Two kayakers and paddleboarder trapped by tide

Lifeboats News Release

The Ilfracombe RNLI inshore lifeboat was launched on 12 August just after 5.45p.m. following a report to the Coastguard of two kayakers and a stand up paddleboarder trapped on a beach near Combe Martin.

D class lifeboat with crew at sea

RNLI/Neil Perrin

Ilfracombe RNLI D class lifeboat (library image)

The RNLI volunteer crew were preparing to launch the relief D class inshore lifeboat (ILB) the Elaine McLeod Scott, for evening exercise when they were tasked by the Coastguard to assist two kayakers and a paddleboarder who were stuck on a small shingle beach beyond Little Hangman hill. As the crew were already assembled for evening exercise, the inshore lifeboat was launched in just a few minutes and the crew made their way out of the harbour in a fresh force 4 (13-18 mph) westerly wind and a choppy sea.

Arriving on scene just seven minutes later the crew found the three people on the rocky shingle beach. Two of the people, a man and a woman, had visited a local shop that afternoon and had hired an inflatable paddleboard and inflatable kayak, with the intention of paddling in Combe Martin Bay. However the two people found themselves pulled out to sea and around the headland by the strength of the rising flood tide and pushed eastwards along the coast. The two people were soon separated by the tide and currents, however, one of them who had a mobile phone with them managed to call the hire shop, explain their situation and ask for help. The hire shop quickly contacted one of their staff who was already out on a kayak, leading a group, and the staff member quickly paddled out to find the kayaker and paddle boarder and was able to tow first one, and then the other, to safety on the beach on the eastern side of Little Hangman. The staff member had hoped to tow the two people back to Combe Martin, but the strength of the tide meant this was not possible. The staff member then called the shop manager who alerted the Coastguard.

Arriving at the beach, the ILB helm assessed the situation, and a crew member was sent ashore to check that the people were unhurt, and to prepare the equipment for towing. The lifeboat was manoeuvred backwards onto the beach and a towline secured to the staff member’s kayak. The inflatable kayak and paddleboard were deflated and stacked on top of this kayak and secured ready to be towed. The three people were assisted into the ILB and the ILB made its way slowly in the choppy sea back to Combe Martin where they were met by the Ilfracombe Coastguard Search and Rescue team. The ILB then returned to station to be made ready for the next service.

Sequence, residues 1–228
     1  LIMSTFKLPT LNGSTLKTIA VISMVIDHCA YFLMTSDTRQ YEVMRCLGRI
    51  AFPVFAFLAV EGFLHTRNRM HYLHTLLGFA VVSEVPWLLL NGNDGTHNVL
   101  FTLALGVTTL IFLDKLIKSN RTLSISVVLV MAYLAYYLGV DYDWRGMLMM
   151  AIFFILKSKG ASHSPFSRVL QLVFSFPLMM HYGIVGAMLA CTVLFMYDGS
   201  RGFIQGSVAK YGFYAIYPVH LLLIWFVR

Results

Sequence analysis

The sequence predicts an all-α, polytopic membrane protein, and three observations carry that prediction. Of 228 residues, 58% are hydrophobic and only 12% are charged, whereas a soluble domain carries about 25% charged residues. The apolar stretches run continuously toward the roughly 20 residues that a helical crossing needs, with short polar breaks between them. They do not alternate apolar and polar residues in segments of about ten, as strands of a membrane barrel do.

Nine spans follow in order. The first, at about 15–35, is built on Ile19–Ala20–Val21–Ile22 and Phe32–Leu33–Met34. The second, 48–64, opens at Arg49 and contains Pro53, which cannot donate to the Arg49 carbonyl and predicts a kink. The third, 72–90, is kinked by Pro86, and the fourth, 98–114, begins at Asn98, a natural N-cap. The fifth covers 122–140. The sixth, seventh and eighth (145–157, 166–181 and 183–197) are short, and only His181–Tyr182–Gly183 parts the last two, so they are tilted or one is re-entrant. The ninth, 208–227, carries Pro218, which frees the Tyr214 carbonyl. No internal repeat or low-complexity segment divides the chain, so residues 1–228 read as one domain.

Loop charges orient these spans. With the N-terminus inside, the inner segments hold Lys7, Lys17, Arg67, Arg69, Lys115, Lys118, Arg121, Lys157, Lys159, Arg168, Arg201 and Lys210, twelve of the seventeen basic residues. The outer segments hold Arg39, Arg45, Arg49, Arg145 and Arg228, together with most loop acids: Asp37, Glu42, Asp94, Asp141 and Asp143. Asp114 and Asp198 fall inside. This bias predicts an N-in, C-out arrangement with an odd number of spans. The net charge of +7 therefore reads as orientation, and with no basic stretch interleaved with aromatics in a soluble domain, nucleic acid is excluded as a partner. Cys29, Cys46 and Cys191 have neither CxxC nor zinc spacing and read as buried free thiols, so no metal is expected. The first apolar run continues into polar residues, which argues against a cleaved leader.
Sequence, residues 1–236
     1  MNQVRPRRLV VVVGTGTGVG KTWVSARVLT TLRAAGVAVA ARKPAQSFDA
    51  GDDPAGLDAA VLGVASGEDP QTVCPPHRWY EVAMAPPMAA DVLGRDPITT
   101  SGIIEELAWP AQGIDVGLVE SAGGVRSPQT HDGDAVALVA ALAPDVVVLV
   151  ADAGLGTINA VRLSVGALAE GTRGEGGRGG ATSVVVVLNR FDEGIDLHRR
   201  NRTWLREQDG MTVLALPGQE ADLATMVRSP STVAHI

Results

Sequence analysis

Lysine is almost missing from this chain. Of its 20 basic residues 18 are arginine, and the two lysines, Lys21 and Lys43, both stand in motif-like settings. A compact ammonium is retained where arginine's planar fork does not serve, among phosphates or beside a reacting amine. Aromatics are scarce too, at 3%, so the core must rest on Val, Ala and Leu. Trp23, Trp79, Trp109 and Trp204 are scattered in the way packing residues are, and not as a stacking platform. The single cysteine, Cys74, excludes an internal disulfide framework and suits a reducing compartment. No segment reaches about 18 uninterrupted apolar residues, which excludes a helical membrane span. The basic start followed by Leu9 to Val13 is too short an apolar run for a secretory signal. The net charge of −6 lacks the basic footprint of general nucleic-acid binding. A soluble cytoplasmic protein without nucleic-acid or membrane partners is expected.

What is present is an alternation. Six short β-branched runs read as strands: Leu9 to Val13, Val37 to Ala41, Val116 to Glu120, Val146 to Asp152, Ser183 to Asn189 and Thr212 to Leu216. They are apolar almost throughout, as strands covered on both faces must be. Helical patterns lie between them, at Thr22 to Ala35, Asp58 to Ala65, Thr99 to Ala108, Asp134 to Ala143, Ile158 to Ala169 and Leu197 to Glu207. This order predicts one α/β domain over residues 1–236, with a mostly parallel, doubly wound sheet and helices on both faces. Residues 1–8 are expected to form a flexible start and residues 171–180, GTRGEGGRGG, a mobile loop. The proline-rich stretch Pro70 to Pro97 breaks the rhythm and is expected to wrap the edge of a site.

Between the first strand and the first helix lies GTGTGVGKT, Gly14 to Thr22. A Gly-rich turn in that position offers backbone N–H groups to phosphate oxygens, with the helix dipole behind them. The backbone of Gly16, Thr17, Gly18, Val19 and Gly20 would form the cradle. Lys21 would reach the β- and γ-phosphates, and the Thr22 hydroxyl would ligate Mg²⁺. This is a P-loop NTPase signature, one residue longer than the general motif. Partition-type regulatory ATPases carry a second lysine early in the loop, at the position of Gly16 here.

RNLI Volunteer Helm Leigh Hanks says: ‘it is spring tides at the moment with over 9 metres high tide today and the strength of the tide can catch people out. When the tide is in full flood it isn’t possible for most people to paddle against it. We would always recommend that people check the tide timetables before heading out onto the water. Fortunately today no one was hurt, and the two people had a mobile phone with them and were able to call for help. We would urge people to carry a means of calling for help and make sure it is accessible. If you get into difficulty whilst at sea call 999 and ask for the Coastguard.’

Key facts about the RNLI

The RNLI charity saves lives at sea. Its volunteers provide a 24-hour search and rescue service around the United Kingdom and Republic of Ireland coasts. The RNLI operates 238 lifeboat stations in the UK and Ireland and more than 240 lifeguard units on beaches around the UK and Channel Islands. The RNLI is independent of Coastguard and government and depends on voluntary donations and legacies to maintain its rescue service. Since the RNLI was founded in 1824, its lifeboat crews and lifeguards have saved over 142,700 lives.

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